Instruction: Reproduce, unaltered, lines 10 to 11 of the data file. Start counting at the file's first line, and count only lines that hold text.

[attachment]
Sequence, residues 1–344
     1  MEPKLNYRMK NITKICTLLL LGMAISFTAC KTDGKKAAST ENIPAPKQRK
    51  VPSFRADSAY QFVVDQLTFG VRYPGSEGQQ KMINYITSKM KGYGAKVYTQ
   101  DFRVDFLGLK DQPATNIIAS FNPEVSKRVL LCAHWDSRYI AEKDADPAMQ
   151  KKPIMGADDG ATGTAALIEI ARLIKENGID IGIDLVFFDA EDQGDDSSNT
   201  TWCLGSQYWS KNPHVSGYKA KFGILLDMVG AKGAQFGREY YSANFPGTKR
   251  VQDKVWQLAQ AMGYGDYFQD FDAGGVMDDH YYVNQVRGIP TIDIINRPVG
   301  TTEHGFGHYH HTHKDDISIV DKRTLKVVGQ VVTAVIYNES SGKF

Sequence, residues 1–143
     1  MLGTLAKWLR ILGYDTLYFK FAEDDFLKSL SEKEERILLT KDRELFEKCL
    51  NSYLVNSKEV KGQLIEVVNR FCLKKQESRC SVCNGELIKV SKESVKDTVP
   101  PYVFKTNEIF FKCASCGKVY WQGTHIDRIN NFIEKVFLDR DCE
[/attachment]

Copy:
     1  MLGTLAKWLR ILGYDTLYFK FAEDDFLKSL SEKEERILLT KDRELFEKCL
    51  NSYLVNSKEV KGQLIEVVNR FCLKKQESRC SVCNGELIKV SKESVKDTVP